In an energy balance model, there can be heat flowing into
or out of the system by a variety of physical processes. In the
*Steady State* (or *Equilibrium*) case, these
heat flows into and out of the system are equal and the
temperature of the system is constant. If the heat flows are
not equal (as is the case when the can is heating up
or cooling down), the system will be gaining or losing energy and this will
result in a temperature change.

We need to define a few terms before we can proceed with developing a mathematical model:

The *Power* (P) is the amount of energy flowing into/out of the
system during some time period. We can write this as a mathematical
equation:

(Eqn 1) P =
ΔQ
/ Δt

where ΔQ
(units of Joules or Calories) is the amount of energy flow and
Δt is the
time interval.

If the system absorbs a net amount of heat
ΔQ
the temperature of the system will change by an amount
ΔT
which is given by

(Eqn 2) ΔT
= ΔQ
/ C

where C is called the heat capacity of the object. The
heat capacity is the product of the
m the mass of the object and c is its specific heat. For
water, the specific heat is
1 cal/g^{o}C = 4186 J/kg^{o}C

We will use the following algorithm to develop a computer simulation of a heat flow problem:

- Set initial conditions (such as temperature) and parameters (mass, specific heat) for the system
- Request user input for unknown parameters (such as the heat-loss coefficient)
- Set the temperature to its first value
- Use the current temperature to calculate the power gained
(P
_{Gain}) and lost (P_{Loss}) by system - The net heat flow during a time interval
Δt is
(P
_{Gain}-P_{Loss})*Δt, so the change in temperature is

(Eqn 3) ΔT = (P_{Gain}-P_{Loss})* Δt / C - The new temperature is the old temperature plus ΔT
- The new temperature can be stored in an array, printed or put onto a graph of temperature vs. time.
- If the experiment is not over (not at the last time interval), continue from step 4 above using the new temperature to calculate the power, etc.
- If the experiment is over (at the last time interval), make plots of temperature vs. time and see how well they represent the data. If they do not, run the program again using a different estimate for the parameters in step 2.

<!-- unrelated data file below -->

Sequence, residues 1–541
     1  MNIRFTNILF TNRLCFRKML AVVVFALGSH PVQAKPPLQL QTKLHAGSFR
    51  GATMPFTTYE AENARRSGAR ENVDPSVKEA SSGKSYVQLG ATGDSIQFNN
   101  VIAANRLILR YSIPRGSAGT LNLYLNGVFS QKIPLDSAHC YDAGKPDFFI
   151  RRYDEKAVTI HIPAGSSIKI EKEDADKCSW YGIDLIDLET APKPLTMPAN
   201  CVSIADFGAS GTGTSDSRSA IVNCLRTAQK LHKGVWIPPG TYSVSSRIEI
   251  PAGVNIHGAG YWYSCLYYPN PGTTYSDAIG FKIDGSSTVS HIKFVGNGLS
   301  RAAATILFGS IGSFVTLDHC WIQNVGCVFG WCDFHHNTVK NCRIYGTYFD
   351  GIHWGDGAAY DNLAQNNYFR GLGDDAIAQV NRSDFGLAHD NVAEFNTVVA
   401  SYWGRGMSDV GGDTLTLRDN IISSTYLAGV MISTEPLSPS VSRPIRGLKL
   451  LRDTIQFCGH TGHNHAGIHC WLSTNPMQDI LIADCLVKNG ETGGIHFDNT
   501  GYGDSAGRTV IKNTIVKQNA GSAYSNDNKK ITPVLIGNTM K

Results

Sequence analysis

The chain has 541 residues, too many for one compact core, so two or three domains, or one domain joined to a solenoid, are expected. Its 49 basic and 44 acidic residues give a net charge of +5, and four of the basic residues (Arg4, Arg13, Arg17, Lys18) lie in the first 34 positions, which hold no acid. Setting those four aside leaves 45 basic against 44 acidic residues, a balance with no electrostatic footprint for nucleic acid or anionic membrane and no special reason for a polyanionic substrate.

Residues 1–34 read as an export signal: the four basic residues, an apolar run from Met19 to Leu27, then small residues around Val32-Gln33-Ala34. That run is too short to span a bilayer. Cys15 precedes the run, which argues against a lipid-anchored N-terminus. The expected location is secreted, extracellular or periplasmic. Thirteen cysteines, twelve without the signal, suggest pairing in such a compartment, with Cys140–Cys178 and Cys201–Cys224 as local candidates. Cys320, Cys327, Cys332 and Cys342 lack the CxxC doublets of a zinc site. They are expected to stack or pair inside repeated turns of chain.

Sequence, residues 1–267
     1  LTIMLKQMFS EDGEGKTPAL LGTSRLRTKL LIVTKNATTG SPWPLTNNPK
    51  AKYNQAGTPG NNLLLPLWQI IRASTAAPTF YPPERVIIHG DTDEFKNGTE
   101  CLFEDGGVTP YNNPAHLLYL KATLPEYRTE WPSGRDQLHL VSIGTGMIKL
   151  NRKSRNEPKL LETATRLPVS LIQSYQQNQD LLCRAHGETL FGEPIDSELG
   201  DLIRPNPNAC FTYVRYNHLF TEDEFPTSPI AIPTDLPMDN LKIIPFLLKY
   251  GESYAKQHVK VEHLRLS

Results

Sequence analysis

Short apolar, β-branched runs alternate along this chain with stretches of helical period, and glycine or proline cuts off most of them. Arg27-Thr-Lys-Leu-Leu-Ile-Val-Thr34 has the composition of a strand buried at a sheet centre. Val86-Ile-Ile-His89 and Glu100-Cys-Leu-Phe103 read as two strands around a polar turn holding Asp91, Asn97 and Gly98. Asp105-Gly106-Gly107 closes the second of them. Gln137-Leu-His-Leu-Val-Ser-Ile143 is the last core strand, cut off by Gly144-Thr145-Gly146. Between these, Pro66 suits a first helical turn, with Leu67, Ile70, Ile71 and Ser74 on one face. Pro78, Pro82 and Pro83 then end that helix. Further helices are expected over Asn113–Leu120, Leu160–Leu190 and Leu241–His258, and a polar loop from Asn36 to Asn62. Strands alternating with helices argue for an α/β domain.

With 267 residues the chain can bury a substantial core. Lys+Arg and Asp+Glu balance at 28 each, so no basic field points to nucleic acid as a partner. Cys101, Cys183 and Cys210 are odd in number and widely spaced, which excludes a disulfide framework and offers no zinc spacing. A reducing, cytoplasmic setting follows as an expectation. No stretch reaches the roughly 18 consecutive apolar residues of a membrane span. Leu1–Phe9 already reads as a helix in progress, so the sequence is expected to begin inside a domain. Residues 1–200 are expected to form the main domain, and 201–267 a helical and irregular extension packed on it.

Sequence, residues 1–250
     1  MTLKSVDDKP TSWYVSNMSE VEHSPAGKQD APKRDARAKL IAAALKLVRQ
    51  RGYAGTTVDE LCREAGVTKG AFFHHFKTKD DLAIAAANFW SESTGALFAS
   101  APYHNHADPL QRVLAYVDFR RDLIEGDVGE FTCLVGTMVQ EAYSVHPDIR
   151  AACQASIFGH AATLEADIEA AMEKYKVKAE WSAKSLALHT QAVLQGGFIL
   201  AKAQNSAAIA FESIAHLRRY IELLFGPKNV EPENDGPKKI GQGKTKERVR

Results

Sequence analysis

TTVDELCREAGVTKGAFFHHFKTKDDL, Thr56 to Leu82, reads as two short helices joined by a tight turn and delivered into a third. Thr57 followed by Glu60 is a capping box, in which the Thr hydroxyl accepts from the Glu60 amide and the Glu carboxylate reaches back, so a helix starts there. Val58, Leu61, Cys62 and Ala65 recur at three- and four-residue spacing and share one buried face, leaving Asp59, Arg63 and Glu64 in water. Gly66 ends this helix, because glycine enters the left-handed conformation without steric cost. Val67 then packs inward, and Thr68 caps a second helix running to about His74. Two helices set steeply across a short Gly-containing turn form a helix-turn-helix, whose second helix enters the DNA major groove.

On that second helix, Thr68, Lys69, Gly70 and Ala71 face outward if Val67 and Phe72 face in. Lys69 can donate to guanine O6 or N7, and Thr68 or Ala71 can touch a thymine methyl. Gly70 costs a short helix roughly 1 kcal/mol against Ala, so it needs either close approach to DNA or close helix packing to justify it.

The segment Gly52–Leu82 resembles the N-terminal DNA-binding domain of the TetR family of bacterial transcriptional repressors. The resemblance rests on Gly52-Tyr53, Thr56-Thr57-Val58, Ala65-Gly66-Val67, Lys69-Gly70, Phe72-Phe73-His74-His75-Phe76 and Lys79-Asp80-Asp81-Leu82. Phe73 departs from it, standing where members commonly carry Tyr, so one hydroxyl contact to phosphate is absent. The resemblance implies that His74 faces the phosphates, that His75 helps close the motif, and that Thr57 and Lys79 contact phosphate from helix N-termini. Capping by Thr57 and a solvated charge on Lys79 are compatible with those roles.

For the can filled with hot water, it will lose heat by Convection, Conduction and Radiation. For an object near room temperature, we often group these together and approximate these in an equation called Newton's Law of Cooling:

(Eqn. 4) P

where T is the temperature of the system, T

If you have performed the experiment yourself, use an editor to
make a file called `hotcans.out`

which has three columns separated
by spaces:
Time, Temperature of Silver Can and Temperature of Black Can.
If you do not have such a data set, you can
use the
data set
(called `hotcans.out`

)
for the temperature vs. time for silver and
black cans filled with water
which start from a temperature of about 45^{o}C.
The situation for this data set is as follows:

- m = 0.1 kg of water
- T
_{S}= 21^{o}C was the temperature of the room - Δt = 60 seconds for the data (but we can choose a larger or smaller Δt in our computer model

`ploss.m`

(which is listed
below) will plot the data and calculate the model given by
the equations above. To use this program you do the following
- Start up
`matlab`

- Obtain the files
`hotcans.out`

and`ploss.m`

. You may need to edit`hotcans.out`

to remove any header lines. It should have three columns of numbers separated by spaces, the first being the time followed by the temperature of the silver and black cans respectively. - Execute the command:
`load hotcans.out;`

This will create a matrix`hotcans`

with 3 columns containing the experimental data. - Execute the command: